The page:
Fears of genocide in the volatile Central African Republic (CAR) have flipped focus from Christians being victimized to Muslims being victimized. Yet Christian and Muslim leaders are still trying to persuade the world that the current crisis is not sectarian at heart.
Religious leaders from the capital city, Bangui, who "refuse to be enemies" recently traveled to New York City to ask the United Nations for a peacekeeping operation. An Amnesty International report documents anti-Muslim and anti-Christian violence throughout the CAR. One-quarter of the country's population of 5 million has now been displaced, according to the Christian Science Monitor.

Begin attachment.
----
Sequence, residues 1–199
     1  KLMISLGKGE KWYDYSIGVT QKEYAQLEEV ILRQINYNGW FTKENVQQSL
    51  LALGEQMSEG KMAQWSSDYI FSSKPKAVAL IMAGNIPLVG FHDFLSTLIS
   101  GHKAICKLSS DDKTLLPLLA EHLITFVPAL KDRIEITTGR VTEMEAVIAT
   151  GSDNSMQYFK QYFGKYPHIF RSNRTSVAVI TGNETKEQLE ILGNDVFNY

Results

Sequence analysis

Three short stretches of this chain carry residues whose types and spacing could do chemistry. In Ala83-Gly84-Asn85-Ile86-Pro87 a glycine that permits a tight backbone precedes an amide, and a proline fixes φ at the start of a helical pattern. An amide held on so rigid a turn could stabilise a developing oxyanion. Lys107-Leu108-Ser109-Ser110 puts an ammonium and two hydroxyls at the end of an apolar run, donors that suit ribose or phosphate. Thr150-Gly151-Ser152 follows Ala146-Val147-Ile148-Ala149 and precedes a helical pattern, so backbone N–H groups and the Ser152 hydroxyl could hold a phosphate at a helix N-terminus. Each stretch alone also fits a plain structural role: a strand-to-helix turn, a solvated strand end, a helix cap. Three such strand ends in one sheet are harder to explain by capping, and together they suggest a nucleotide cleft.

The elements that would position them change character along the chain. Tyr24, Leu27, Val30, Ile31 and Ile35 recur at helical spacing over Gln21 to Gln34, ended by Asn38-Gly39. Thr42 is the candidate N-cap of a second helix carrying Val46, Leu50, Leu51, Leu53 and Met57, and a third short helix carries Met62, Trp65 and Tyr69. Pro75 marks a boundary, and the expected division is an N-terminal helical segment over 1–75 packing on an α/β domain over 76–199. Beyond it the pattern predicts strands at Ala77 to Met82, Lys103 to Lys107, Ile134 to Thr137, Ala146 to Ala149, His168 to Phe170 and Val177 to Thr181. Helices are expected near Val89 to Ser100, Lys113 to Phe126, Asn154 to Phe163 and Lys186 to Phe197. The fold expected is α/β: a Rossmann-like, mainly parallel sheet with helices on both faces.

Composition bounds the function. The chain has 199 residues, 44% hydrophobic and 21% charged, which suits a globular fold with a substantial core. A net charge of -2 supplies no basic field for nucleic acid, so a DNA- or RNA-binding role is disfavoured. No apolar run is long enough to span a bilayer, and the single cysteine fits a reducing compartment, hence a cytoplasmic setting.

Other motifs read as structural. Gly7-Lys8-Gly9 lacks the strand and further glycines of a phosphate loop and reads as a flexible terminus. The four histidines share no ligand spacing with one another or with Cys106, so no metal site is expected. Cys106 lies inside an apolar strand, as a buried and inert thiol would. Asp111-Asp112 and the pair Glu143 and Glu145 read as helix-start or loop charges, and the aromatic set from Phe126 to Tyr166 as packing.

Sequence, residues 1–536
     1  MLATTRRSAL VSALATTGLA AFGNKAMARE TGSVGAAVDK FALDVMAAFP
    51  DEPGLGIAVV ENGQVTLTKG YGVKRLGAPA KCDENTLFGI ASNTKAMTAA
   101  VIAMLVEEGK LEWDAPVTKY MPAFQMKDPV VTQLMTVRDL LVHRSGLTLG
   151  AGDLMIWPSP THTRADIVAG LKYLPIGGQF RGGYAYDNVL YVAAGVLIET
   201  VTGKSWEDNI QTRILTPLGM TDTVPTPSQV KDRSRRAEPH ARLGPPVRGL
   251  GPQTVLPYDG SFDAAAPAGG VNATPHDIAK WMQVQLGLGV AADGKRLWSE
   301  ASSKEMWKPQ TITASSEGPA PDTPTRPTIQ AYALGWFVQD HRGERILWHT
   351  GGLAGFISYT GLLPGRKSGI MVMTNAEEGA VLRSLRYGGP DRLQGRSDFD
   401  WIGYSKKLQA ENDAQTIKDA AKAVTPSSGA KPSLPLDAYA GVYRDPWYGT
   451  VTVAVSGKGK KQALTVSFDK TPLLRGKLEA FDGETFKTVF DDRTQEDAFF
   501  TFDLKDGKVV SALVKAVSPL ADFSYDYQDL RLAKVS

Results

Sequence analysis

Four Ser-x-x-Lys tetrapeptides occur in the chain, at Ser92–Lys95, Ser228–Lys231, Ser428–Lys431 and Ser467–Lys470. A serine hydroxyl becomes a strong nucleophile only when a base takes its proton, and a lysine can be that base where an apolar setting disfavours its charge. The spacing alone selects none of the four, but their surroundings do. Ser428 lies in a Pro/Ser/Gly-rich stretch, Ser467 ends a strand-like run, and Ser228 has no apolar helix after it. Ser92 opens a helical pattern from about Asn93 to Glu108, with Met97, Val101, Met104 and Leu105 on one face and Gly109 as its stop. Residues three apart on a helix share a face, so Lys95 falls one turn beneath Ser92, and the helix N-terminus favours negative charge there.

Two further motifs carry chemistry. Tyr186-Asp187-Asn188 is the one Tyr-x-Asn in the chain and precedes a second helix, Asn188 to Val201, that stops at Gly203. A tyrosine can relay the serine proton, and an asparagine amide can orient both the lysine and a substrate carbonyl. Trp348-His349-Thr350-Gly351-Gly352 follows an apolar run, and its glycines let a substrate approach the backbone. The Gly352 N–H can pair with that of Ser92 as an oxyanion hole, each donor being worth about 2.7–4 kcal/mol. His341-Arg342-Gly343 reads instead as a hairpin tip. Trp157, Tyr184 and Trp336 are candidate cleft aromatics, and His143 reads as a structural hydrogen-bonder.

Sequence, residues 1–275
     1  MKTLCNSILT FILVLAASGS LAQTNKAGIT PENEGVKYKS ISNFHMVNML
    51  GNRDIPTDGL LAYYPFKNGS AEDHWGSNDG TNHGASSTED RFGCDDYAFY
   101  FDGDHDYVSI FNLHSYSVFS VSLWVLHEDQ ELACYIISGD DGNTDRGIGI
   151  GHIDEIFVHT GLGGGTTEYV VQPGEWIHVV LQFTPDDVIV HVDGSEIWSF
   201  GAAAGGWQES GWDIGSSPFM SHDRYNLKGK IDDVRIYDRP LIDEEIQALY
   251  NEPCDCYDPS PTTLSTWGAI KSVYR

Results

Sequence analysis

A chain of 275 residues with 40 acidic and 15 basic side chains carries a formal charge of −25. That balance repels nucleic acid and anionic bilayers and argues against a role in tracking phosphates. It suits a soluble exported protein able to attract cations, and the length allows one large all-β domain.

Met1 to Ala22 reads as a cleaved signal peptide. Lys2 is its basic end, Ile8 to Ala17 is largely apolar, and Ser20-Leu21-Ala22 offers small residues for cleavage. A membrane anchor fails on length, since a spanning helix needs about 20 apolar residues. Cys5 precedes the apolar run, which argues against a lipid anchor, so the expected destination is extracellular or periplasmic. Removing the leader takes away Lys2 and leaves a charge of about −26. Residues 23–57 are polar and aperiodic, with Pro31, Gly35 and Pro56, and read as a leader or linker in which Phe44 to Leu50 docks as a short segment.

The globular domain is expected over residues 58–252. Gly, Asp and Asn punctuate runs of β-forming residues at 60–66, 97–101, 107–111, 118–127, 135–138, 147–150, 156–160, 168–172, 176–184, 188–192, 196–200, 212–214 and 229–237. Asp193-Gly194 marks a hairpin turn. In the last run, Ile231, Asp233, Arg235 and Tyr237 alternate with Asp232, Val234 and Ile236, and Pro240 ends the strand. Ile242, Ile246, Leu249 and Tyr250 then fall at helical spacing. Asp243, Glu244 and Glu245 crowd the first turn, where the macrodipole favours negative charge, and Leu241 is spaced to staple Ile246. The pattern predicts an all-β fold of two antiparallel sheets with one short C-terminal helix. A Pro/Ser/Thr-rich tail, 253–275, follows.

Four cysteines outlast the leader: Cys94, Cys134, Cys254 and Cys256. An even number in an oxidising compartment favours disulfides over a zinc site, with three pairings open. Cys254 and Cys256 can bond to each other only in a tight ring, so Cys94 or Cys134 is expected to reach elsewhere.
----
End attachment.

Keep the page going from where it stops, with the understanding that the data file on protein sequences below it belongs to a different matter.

But senior Christian leaders dispute Western media calling anti-Balaka fighters "Christian militias" and Séléka fighters "Muslim militias." Touted as a counterexample: Muslims finding shelter in churches in Boali and around the country.
The Alliance of Evangelical Churches even pledged ...1